Police targeted Lucy throughout her entire life and arrested her numerous times for public speaking, even though Judge Tuley ruled in 1889 that anarchists also have a right to free speech. At one point, Chicago police described her as being "more dangerous than a thousand rioters," per "Good Trouble" by Brian Wolf. At times, Lucy's ideas regarding freedom were limited compared to the freedom she proselytized. LA Review of Books writes that she was estranged from her son, Alfred Jr., and after he decided to join the Army, she had him committed to the Elgin Asylum, where he remained for 20 years until his death. She also quarreled with Emma Goldman regarding "Goldman's public advocacy for free love."

What happened to Lucy's library?

One of Lucy Parsons' last major public appearances was speaking to striking workers at International Harvester in February 1941. And in a twist of fate, International Harvester was the "successor to the company that had provoked the Haymarket events 55 years earlier," according to Workers World.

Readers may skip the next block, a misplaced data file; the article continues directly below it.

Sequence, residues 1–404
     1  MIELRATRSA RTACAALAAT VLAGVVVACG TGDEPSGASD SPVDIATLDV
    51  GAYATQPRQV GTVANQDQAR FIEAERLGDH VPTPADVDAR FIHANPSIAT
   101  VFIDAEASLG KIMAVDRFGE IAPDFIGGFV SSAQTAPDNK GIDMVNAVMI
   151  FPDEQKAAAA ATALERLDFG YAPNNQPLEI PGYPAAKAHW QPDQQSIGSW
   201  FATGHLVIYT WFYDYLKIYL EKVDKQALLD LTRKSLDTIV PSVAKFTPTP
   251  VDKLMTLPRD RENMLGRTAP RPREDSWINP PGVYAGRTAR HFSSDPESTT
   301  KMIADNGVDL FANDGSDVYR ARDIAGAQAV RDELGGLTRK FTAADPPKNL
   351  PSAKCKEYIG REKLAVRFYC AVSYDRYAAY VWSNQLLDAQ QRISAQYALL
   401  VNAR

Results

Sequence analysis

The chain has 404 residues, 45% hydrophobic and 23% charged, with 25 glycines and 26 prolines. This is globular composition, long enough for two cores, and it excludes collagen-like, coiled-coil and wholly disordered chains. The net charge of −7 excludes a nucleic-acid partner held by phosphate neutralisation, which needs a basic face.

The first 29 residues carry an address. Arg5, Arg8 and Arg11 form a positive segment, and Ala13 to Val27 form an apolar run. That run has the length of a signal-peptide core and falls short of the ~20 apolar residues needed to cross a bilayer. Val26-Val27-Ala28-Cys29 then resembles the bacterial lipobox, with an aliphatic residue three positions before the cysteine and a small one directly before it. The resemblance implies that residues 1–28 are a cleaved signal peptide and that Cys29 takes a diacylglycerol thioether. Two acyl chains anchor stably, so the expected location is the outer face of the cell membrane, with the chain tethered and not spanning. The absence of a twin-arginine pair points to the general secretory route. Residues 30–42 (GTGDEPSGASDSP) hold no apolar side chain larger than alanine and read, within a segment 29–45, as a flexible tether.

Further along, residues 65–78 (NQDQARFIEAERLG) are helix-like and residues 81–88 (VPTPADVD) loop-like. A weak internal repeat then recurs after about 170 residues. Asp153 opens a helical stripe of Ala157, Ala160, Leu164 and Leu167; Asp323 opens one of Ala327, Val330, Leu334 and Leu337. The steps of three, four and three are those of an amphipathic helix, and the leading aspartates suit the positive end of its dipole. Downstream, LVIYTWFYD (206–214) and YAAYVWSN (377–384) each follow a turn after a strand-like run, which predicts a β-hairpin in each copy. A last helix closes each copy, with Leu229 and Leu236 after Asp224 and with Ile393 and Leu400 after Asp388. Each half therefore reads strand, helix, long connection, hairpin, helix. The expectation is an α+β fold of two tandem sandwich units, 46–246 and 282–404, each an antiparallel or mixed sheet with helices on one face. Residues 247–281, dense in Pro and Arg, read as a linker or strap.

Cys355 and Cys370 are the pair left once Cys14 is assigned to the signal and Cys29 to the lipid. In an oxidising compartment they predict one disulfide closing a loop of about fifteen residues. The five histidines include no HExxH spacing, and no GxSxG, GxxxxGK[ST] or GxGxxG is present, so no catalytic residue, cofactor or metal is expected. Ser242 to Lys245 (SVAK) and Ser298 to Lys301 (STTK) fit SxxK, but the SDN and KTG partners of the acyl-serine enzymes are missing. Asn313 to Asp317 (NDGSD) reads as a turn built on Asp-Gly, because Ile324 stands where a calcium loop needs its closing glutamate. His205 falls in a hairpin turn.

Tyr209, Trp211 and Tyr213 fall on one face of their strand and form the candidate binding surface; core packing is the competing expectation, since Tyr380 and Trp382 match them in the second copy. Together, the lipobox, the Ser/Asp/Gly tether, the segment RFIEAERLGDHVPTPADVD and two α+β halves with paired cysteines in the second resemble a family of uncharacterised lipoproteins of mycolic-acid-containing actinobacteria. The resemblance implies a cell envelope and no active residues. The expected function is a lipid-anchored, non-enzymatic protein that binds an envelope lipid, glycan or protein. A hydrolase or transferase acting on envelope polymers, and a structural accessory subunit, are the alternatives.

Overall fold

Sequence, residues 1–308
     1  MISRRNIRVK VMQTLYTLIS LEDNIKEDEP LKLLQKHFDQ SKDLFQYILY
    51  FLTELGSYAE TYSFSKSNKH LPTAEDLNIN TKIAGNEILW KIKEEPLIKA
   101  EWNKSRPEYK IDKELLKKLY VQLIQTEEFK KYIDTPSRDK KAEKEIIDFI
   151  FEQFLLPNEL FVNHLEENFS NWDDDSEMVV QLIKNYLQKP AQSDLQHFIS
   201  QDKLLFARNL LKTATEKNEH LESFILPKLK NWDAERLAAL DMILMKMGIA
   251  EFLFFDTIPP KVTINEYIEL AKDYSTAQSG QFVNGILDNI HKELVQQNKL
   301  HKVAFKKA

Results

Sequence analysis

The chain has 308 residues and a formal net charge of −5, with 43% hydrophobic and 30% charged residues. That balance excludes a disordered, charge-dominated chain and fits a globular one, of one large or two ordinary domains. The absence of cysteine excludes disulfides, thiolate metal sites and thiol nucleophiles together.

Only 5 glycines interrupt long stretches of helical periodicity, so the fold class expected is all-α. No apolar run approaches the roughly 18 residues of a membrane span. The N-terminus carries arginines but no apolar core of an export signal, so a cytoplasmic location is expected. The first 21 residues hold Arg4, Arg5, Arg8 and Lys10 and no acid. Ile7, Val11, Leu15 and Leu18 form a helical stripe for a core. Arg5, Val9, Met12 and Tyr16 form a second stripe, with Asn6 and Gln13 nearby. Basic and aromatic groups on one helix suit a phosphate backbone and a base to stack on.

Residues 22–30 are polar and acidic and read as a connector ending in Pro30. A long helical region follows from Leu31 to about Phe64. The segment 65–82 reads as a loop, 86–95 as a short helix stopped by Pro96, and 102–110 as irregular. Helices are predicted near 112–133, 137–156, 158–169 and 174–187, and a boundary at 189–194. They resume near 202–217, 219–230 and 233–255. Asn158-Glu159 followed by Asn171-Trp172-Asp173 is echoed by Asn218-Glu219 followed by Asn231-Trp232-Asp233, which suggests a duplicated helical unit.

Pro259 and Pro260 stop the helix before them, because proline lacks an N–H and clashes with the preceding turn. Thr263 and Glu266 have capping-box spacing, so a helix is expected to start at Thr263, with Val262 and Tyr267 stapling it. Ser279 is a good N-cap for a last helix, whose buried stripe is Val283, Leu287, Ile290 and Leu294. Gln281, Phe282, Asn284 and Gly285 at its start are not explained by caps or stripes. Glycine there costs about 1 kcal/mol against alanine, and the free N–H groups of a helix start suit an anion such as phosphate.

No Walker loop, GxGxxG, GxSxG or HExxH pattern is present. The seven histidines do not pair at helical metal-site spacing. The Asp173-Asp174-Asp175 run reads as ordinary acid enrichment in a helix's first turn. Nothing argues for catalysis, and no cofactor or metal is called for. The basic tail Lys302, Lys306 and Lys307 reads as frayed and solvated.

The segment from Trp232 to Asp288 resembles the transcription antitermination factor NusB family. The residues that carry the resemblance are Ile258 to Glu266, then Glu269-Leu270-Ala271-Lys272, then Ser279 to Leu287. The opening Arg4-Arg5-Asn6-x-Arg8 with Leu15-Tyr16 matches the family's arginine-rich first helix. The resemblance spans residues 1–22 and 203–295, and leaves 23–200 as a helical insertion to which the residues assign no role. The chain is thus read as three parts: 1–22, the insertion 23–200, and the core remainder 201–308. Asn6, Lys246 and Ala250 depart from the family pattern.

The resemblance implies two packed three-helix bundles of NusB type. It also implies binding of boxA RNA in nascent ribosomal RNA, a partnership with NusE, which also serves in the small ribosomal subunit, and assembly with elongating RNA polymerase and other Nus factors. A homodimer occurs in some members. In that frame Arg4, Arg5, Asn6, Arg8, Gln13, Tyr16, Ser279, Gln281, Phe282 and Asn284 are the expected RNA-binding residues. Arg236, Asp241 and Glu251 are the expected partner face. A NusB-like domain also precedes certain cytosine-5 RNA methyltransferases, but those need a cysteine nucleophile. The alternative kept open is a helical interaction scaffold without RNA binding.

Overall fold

On March 7, 1942, Lucy died in a house fire after her woodstove caught fire and she became trapped in the burning house. IWW writes that her lover, George Markstall, also died the following day due to the wounds he sustained in an attempt to save her. But even in death, the police were prepared to deliver one final injustice. Chicago Reader writes that at the time of her death, Lucy had accumulated a massive library of letters, manuscripts, and between 1,500 and 3,000 books. Although they were badly damaged in the fire, when her executors came to retrieve them from the house, they discovered that the entire library was completely missing.

The police department's Red Squad claimed that the papers were handed over to the FBI, but as of 2021, no one knows for sure exactly what happened to Lucy's library. In 2016, Muckruck filed a request with the FBI to see what remained of Lucy's library, and although the bureau claimed that the records were sent to the National Archives and Records Administration (NARA), NARA was ultimately unable to find the documents.